There’s a strong sense of women fighting to have their voices heard in the movie, something we’re still fighting for...
I think what resonates is the sisterhood. Women stick together, we’re powerful in numbers and the power is in togetherness. As women we fight for our rights because there’s a force trying to keep us down right now, so we must come together or we’ll perish.

How did you feel when you first read the script for Hidden Figures – were you angry this story hadn’t been told before?
I was very upset. I felt like a dream had been stolen from me. There was an understanding when I was growing up that maths and science were for boys. I remember sitting in the back of my class going, ‘It’s not for me. Why am I here even?’ Then I find this out and it’s like, ‘Whoa, I could have dreamed a different dream if I’d known it was available.’ But then I was like, ‘I have to make it my mission so no other girl walks around thinking that.’

There’s a thought-provoking line when a Polish-Jewish male engineer encourages Mary’s dreams by asking, “Would you be an engineer if you were a white man?”
If you’re a white man, you’ve just got it. Until we come to some honesty in that statement, we’re not going anywhere.

Do you feel like your life could have gone a different way then, had your school experience been more equal?
I honestly believe I’m supposed to be an actor; it’s what I was good at. But maybe it would have got me better grades and I could have got a scholarship. Even now I’m an actor, maybe I wouldn’t have been so afraid of [playing] Katherine Johnson because I was comfortable with math. That part [of the film] scared the life out of me. I was like, ‘Oh my god, I’m going to fail at this, just like I failed in math.’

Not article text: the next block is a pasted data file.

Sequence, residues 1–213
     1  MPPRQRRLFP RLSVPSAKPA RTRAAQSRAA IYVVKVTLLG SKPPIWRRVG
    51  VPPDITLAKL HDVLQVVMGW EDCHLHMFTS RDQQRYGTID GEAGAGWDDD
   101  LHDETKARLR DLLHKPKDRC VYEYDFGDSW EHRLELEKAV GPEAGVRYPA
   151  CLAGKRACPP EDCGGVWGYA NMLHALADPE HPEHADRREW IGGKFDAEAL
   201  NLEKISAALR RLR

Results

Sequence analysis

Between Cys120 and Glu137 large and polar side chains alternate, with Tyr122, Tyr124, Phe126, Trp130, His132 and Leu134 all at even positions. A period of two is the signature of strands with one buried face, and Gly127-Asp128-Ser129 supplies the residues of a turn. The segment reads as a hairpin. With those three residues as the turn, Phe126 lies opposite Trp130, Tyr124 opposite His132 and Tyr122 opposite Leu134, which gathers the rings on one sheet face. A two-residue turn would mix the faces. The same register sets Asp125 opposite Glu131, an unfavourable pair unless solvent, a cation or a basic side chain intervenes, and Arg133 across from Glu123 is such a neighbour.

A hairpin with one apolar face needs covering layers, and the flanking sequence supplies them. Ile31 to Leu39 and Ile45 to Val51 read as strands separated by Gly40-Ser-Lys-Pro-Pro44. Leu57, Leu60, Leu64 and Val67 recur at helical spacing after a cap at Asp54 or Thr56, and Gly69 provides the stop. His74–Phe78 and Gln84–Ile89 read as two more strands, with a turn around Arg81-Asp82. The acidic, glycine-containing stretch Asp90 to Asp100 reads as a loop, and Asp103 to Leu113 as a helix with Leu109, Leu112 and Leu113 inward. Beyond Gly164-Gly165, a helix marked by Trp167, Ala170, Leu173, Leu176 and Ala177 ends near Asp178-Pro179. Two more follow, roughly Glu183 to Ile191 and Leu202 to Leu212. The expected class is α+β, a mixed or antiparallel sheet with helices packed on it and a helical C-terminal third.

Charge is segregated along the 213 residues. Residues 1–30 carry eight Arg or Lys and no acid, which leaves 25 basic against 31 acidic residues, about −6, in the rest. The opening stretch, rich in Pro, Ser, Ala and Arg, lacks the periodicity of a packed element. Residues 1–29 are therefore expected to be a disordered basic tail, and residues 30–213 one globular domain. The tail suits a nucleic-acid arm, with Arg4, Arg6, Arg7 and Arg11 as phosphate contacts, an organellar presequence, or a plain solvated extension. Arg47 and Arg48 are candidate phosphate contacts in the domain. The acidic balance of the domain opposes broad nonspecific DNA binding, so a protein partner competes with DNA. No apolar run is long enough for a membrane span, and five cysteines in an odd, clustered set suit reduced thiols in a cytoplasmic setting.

You studied engineering for a while though, didn’t you?
I did, because I didn’t get accepted into the high school of fine arts in Washington DC. My friend Candice was very smart and decided she was going to study electrical engineering and I thought that meant I could, too. So I followed her and I failed miserably. I called my dad and started crying and said, “I failed math and I’ve never failed anything in my life,” and he was like, “That’s what you get. I needed you to fall on your face because that’s not what you’re supposed to be doing. Now come back up here and take up acting like you’re supposed to be doing.”